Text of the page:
Glidden writes about her perspective on Israel as a non-observant Jewish woman who feels great sympathy for the Palestinian people and antipathy towards Israel until a visit to the country complicates her feelings. Glidden has an attractive, straightforward style reminiscent of a lot of Euro-comics. It's unshowy, not especially memorable as cartooning, but well-suited to this talky, observational material. It's a good read and throughout, both Glidden and the people around her grapple with the history of Israel and Palestine, and with the propaganda and biases through which so many stories about the region are filtered. The one disappointing thing IMO is how much it slants towards memoir rather than journalism. It's not like I expected Glidden to sum up the whole conflict and create some definitive Israel comic, but at times it seems so insular. She visited the country on a Birthright tour, and much of the book is structured around that tour which makes it seem like a tourist's view of Israel, complete with visits to museums, guide spiels, and faked "authentic" cultural demonstrations - an impression sealed when towards the end, Glidden ducks out of her one opportunity to get a less guided view of some Palestinian territory that's off the official tour route. Glidden's smart and she writes well about what she sees and thinks, and never just regurgitates what she hears, but the perspective still seems more limited than I'd like.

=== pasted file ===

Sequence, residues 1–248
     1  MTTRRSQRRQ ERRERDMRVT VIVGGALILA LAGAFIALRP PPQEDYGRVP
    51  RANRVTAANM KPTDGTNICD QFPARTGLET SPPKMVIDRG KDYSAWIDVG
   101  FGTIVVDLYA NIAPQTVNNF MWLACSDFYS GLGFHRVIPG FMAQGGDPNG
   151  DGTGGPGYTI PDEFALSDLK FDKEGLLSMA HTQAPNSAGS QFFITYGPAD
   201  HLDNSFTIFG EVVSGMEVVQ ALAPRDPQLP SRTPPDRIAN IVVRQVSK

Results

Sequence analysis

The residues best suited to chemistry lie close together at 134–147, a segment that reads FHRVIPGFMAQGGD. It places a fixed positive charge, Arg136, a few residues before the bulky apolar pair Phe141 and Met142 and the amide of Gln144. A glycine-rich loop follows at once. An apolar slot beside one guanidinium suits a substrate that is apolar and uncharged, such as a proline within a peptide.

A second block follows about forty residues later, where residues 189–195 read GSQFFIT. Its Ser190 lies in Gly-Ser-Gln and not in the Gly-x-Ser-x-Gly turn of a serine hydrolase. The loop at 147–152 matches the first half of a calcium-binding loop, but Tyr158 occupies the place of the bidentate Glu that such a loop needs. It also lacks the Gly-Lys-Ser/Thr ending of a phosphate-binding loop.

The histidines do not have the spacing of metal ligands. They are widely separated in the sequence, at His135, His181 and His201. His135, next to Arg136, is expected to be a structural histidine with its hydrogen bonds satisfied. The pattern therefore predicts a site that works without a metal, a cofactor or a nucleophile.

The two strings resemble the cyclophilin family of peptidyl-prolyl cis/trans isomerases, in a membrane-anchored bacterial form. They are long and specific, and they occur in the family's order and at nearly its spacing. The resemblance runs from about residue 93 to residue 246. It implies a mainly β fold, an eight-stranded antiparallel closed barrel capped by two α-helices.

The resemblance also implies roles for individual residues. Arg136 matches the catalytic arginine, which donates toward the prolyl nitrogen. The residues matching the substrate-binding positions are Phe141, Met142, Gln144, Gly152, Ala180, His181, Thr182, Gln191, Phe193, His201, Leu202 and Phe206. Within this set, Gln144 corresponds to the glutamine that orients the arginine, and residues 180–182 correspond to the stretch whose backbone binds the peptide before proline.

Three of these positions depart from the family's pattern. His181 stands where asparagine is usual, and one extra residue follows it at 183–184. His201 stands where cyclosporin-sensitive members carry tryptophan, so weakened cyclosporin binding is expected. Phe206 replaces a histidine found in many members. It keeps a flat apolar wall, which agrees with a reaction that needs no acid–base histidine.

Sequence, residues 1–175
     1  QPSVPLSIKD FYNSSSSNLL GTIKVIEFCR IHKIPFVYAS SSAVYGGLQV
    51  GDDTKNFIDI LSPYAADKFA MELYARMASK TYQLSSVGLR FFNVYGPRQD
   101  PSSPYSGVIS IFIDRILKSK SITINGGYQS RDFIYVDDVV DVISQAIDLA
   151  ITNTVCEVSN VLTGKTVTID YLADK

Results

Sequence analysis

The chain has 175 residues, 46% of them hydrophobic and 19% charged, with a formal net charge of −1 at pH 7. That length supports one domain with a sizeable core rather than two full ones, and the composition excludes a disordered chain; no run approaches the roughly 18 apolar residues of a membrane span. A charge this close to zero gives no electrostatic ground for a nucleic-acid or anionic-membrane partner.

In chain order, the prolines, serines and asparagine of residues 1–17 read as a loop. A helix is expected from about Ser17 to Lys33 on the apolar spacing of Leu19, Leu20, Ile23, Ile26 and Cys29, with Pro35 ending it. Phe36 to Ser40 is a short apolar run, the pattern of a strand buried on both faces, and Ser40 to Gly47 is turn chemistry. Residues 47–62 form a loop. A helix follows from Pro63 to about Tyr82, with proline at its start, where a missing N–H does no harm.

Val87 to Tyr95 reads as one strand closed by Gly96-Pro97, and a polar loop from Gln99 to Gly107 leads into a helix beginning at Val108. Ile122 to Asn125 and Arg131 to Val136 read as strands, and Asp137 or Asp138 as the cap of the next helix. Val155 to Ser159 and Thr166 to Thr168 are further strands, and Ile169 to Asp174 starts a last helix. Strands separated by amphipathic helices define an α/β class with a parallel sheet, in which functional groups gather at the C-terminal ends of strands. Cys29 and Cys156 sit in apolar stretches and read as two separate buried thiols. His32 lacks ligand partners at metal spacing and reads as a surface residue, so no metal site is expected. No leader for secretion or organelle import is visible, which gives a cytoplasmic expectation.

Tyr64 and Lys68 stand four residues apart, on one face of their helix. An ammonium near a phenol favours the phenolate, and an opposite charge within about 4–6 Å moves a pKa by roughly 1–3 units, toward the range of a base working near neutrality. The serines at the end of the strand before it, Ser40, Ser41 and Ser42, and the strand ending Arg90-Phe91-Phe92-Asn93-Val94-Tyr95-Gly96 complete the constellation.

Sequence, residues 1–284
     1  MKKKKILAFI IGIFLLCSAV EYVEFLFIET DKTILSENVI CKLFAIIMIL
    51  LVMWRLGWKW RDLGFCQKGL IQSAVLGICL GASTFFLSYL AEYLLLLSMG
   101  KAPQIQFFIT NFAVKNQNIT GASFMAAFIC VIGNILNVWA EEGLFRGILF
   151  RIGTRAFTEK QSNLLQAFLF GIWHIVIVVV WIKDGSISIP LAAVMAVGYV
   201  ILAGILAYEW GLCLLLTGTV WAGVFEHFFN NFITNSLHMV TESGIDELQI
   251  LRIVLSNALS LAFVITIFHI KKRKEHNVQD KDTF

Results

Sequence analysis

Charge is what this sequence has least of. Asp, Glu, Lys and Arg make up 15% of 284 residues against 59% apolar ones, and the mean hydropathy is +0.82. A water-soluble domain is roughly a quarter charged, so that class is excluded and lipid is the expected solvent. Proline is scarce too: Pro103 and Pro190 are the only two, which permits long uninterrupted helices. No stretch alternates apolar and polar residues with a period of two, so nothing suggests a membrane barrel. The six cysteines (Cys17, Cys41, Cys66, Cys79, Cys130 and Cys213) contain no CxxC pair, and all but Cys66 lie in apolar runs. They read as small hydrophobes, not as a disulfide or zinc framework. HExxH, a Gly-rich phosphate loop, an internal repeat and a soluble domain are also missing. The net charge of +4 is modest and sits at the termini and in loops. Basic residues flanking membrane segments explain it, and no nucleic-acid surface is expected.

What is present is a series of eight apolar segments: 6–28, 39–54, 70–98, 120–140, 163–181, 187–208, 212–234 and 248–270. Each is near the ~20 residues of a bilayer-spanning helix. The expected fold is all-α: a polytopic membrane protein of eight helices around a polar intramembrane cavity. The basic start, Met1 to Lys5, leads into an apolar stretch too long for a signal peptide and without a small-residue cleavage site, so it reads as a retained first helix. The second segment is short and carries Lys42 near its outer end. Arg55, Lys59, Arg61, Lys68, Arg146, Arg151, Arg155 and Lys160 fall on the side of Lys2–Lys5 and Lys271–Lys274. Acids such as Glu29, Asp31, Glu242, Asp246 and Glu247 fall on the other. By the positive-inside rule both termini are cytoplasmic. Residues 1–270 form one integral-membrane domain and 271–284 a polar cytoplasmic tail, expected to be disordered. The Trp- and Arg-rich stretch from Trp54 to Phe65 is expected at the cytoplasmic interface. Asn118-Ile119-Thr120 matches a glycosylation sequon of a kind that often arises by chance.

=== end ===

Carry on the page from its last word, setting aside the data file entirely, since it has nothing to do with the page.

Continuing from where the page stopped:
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Our Mother by Luke Howard
Big agreement with HFC that this is a great little book. Howard uses a constantly shifting meta structure to deliver a series of metaphors for anxiety disorders and the ways in which they manifest from generation to generation in families. Obviously autobiographical and extremely heartfelt, as a sequence using photographs towards the end makes clear with a characteristic mix of humor and intense feeling, it nevertheless cloaks its harrowing portrait of divorce, neglect, depression, and mental illness in cloak-and-dagger noir meetings and fantasy adventures. The Deforge comparison is obvious, both in the drawing and in the way the seemingly whimsical artifice is used to explore darker subtexts, but Howard's voice is very much his own.

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Unterzakhn by Leela Corman
Really good, weighty graphic novel about a Jewish immigrant family in New York in the early 1900s, following multiple generations and, in the process, dealing powerfully with gender, sexuality, conformity and rebellion, and the different ways in which these women struggle to express their independence. Corman's aesthetic is cartoony but very solid, with thick lines and very strong definition. I don't love it as a style tbh, and I wish for a little more looseness at times, but her characters' faces are wonderfully expressive - especially the 2 young girls at the core of the book - and the story and characters are so engaging that it's a great read despite some quibbles with the art.